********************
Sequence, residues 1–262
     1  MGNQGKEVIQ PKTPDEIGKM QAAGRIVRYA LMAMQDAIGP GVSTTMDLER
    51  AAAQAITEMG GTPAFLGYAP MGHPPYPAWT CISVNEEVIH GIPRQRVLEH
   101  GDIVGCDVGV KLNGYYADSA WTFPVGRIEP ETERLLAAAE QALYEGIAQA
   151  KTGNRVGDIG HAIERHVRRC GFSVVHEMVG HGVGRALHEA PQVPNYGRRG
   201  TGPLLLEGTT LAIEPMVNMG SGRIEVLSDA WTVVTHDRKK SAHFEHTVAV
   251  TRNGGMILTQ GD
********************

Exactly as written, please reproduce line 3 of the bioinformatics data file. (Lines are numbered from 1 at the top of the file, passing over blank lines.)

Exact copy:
    51  AAAQAITEMG GTPAFLGYAP MGHPPYPAWT CISVNEEVIH GIPRQRVLEH